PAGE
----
Plaintiff's motions do not contain any discussion of whether Plaintiff is likely to succeed on the merits of this action. His motions contain only a vague discussion of his likelihood of suffering irreparable harm. Plaintiff vaguely asserts that he is unable to litigate this action without his legal property, but fails to persuasively demonstrate why. Plaintiff does not identify any specific deadlines or filings that he is unable to prepare or file and does not identify any materials that were confiscated with his legal property that are necessary to litigate this case. Plaintiff does not set forth any specific arguments regarding whether the balance of equities tips in his favor or whether the relief sought is in the public's interest. Finally, the Court notes that Plaintiff has failed to demonstrate that injunctive relief is the least intrusive means necessary to prevent harm to Plaintiff. Presumably, Plaintiff can avoid irreparable harm by redrafting his filings, performing further legal research, and requesting extensions of time. The Court notes that Plaintiff has not missed any deadlines since filing his motions for injunctive relief and has failed to persuasively demonstrate that any adverse rulings that occurred in this case could have been prevented if he had access to his legal property.

Plaintiff's fourth motion requests judicial intervention to help Plaintiff locate and communicate with inmate witnesses. Plaintiff fails to identify what he wants the Court to do and it is unclear what the Court can do to assist Plaintiff with locating inmate witnesses and facilitating communication between Plaintiff and those witnesses. Plaintiff claims that he is unable to locate the witnesses "because of Plaintiff's indigent status, resources are limited, and prison officials assigned as correctional counselors for Plaintiff refuse to assist without order from a court." (Mot. and Request for Judicial Intervention in Order to Communicate with Incarcerated Inmate Witnesses 2, ECF No. 81.) Plaintiff fails to set forth any arguments why prison officials are obligated to help Plaintiff locate witnesses. The case cited by Plaintiff, Valandingham v. Bojorquez, 866 F.2d 1135, 1141-42 (9th Cir. 1989), does not support Plaintiff's position. In Valadingham, the Court allowed a prisoner to proceed on his claim against prison officials for threatening and harassing the prisoner when he was attempting to obtain affidavits from other inmates in support of his lawsuit. Nothing in Valadingham suggests that prison officials have an affirmative duty to assist prisoner-litigants by helping them locate potential witnesses.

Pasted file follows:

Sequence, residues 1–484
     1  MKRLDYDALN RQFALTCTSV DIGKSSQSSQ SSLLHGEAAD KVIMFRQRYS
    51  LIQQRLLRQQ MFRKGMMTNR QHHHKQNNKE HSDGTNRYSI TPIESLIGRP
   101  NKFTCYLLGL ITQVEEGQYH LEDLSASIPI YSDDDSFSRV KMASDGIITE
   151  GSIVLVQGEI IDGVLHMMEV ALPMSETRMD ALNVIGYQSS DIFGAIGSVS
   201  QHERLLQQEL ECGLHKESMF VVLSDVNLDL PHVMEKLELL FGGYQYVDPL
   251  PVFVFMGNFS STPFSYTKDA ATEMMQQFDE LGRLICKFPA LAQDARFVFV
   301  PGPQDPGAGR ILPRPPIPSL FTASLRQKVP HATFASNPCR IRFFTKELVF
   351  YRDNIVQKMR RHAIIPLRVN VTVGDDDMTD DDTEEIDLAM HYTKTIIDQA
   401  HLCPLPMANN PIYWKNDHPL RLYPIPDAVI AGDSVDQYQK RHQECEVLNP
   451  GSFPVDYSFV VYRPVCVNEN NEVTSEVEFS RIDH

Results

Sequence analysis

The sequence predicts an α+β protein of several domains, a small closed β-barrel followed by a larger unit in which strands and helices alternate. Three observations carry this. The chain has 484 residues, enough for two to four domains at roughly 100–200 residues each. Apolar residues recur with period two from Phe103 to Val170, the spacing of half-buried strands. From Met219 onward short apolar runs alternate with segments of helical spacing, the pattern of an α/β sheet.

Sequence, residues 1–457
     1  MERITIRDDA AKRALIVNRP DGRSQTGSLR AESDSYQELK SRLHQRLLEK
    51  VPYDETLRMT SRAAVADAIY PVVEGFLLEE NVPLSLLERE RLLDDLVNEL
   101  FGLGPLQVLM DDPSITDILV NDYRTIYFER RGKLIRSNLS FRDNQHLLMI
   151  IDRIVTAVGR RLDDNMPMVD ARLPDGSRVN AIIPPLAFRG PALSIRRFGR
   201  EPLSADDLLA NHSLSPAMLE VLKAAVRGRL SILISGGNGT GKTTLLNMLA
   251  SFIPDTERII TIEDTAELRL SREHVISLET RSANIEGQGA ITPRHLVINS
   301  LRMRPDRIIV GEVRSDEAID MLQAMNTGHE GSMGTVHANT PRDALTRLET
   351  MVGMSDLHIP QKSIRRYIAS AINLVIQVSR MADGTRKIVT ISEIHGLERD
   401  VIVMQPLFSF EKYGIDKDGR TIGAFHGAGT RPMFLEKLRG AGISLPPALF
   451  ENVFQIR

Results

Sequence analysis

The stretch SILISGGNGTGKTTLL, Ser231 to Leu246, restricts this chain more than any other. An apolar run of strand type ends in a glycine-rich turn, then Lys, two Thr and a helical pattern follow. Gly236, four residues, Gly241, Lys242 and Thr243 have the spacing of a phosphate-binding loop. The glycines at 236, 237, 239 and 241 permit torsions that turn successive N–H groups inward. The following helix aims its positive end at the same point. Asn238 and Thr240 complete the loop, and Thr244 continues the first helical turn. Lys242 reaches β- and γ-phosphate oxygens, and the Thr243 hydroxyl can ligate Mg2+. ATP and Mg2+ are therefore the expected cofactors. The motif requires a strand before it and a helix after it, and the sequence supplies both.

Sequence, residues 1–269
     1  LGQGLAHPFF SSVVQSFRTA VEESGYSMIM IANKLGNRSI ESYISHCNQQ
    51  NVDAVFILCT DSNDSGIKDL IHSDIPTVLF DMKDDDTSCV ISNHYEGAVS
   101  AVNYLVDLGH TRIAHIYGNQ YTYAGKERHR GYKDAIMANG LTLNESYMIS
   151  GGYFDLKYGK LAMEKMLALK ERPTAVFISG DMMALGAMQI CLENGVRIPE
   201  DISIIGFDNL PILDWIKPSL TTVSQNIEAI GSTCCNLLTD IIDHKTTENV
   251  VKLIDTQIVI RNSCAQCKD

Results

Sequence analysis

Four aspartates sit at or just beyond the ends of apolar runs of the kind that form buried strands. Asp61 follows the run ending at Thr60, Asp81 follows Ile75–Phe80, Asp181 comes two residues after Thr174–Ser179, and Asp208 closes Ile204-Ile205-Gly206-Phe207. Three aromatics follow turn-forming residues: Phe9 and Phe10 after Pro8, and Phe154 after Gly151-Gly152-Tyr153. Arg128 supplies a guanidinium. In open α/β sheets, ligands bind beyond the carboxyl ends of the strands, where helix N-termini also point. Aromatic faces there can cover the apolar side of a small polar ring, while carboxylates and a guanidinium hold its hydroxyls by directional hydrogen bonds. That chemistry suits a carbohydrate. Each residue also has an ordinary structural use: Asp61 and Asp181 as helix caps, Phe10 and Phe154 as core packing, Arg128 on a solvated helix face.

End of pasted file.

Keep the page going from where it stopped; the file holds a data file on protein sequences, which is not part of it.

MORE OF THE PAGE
Finally, the Court notes that the only defendant in this lawsuit is T. Vasquez, a correctional officer who worked at North Kern State Prison. Plaintiff's motions seek to enjoin persons who are not parties to this action. Orders for preliminary injunctive relief can only bind the parties, the parties officers, agents, servants, employees, and attorneys, and other persons who are in active concert or participation with the aforementioned persons. Federal Rule of Civil Procedure 65(d)(2). Accordingly, Plaintiff cannot obtain injunctive relief in this action against prison officials at Salinas Valley State Prison or Kern Valley State Prison because they cannot be bound by an order granting injunctive relief issued by this Court in this action.

Based on the foregoing, it is HEREBY ORDERED that Plaintiff's motions are DENIED.

IT IS SO ORDERED.

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20110204